Germany reported weak April retail sales data.  Sales came in at -5.4% m/m vs. -0.5% expected and a revised 0.9% (was -0.1%) in March.  This is the first glimpse at April activity and suggests weakness will continue in Q2.  Recall that German IP fell -3.9% m/m in March, while factory orders plunged -4.7% m/m.  April readings for these two series will be reported next week and markets should be braced for further weakness. 


The Bank of Japan remains ultra-dovish.  Deputy Governor Wakatabe reaffirmed the bank’s dovish bias by stressing that “To address low inflation, it is necessary to persistently continue with monetary easing.  If downside risks to the economy materialize, the bank should not rule out taking the necessary additional easing measures without hesitation.”  We continue to believe Governor Kuroda will maintain current loose policy through the end of his term in spring 2023, leaving it to Prime Minister Kishida to appoint a more hawkish successor to start the tightening cycle.  Elsewhere, Japan final May manufacturing PMI came in at 53.3 vs. 53.2 preliminary but continues the modest declining trend seen since the 55.4 peak in January. So far, Q2 data have been mixed and reflect the uneven nature of the recovery.  Final services and composite PMIs will be reported Friday. 

Australia reported firm Q1 GDP data and final May manufacturing PMI.  Growth came in at 0.8% q/q and 3.3% y/y vs. 0.6% and 2.9%expected, respectively.  Also, Q4 growth was revised to 3.6% q/q and 4.4% y/y vs. 3.4% and 4.2% in Q4, respectively.  Elsewhere, final manufacturing PMI came in at 55.7 vs. 55.3 preliminary but still fell significantly from 58.8 in April.  Final May services and composite PMIs will be reported Friday.  Recent weakness in the PMI readings is likely China-related and bears watching.  For now, the economy remains robust and so the RBA will continue tightening.  WIRP suggests a 25 bp hike June 7 is priced in.  Looking ahead, the swaps market is pricing in over 300 bp of tightening over the next 12 months that would see the policy rate peak near 3.40%.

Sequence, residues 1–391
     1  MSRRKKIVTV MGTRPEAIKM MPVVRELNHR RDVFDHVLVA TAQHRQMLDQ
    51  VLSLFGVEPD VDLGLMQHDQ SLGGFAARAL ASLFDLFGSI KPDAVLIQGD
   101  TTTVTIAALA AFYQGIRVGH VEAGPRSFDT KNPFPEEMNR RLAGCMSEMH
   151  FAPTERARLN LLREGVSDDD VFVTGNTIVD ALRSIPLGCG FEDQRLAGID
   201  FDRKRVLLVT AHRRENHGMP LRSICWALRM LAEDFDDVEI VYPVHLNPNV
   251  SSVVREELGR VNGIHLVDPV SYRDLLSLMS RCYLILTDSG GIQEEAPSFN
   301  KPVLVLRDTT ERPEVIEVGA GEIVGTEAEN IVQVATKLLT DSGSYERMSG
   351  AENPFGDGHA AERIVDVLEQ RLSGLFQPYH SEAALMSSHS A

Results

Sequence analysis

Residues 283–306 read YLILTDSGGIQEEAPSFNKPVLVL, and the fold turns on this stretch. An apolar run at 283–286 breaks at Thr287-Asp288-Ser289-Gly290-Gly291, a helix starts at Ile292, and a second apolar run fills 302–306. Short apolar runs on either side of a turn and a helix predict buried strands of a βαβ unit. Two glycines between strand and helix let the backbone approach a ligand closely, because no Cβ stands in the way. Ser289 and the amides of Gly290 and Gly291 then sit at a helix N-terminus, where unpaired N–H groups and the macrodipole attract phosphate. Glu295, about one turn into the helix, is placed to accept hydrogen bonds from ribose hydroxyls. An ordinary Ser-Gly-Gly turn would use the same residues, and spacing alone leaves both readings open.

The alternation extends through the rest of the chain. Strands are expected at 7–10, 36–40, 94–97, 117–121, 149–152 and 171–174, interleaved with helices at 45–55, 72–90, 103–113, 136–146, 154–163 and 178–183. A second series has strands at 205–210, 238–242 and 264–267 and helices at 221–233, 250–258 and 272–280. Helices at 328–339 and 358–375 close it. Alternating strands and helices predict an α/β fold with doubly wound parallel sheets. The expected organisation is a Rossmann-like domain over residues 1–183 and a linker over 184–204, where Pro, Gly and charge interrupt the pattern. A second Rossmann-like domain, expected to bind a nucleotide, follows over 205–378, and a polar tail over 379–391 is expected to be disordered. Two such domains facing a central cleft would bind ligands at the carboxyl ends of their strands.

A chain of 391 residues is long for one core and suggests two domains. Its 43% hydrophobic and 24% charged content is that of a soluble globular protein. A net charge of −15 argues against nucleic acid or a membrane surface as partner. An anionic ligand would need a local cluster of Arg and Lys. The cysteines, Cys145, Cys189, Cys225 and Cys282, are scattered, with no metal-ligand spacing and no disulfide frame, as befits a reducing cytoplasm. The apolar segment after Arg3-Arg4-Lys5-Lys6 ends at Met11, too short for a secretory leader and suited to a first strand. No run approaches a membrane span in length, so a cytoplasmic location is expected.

Caixin reported its May manufacturing PMI.  It came in at 48.1 vs. 49.0 expected and 46.0 in April.  Contrast this to the official manufacturing PMI, which came in earlier this week at 49.6 vs. 47.4 in April.  Given that lockdowns are just starting to be rolled back, we are a bit surprised that the May PMI readings have recovered so sharply.  Press reports suggest that many shops and businesses remain closed or operating at less than full capacity, while ship and truck traffic remain far below normal levels.  Stay tuned. 

Korea May trade data came in firm.  Exports rose 21.3% y/y vs. 18.4% expected and 12.9% in April, while imports rose 32.0% y/y vs. 31.4% expected and 18.6% in April.  Exports and export orders from regional competitor Taiwan have been coming in weaker and so the strength in Korean exports is surprising.  Taiwan reports its May trade data next Wednesday.   


Reports suggest OPEC+ is considering exempting Russia from its production agreements.  WSJ article said that "some OPEC members are exploring the idea of suspending Russia's participation" and could "pave the way for Saudi, the UAE and other producers in the Organization of the Petroleum Exporting Countries to pump significantly more crude."  Of note, OPEC+ up until now has shown little inclination to make up for reduced Russian output but this most recent move higher in oil prices coupled with rising recession risks may have been the tipping point.  That said, we await official confirmation.  

Brown Brothers Harriman & Co. (“BBH”) may be used as a generic term to reference the company as a whole and/or its various subsidiaries generally. This material and any products or services may be issued or provided in multiple jurisdictions by duly authorized and regulated subsidiaries.This material is for general information and reference purposes only and does not constitute legal, tax or investment advice and is not intended as an offer to sell, or a solicitation to buy securities, services or investment products. Any reference to tax matters is not intended to be used, and may not be used, for purposes of avoiding penalties under the U.S. Internal Revenue Code, or other applicable tax regimes, or for promotion, marketing or recommendation to third parties. All information has been obtained from sources believed to be reliable, but accuracy is not guaranteed, and reliance should not be placed on the information presented. This material may not be reproduced, copied or transmitted, or any of the content disclosed to third parties, without the permission of BBH. All trademarks and service marks included are the property of BBH or their respective owners.© Brown Brothers Harriman & Co. 2022. All rights reserved.